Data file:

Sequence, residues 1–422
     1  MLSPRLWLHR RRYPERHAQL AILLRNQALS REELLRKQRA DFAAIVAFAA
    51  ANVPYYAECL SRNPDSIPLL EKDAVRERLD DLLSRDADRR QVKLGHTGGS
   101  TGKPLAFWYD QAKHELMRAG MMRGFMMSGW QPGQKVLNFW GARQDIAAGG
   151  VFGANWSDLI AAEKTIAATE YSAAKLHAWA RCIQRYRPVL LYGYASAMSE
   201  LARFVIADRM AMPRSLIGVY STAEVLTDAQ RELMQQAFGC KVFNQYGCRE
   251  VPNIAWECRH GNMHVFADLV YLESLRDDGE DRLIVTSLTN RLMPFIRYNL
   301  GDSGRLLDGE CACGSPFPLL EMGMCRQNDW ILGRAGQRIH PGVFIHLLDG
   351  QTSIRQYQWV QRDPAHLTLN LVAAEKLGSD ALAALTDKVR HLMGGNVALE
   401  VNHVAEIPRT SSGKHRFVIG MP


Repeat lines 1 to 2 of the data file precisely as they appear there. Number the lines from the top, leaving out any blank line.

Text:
Sequence, residues 1–422
     1  MLSPRLWLHR RRYPERHAQL AILLRNQALS REELLRKQRA DFAAIVAFAA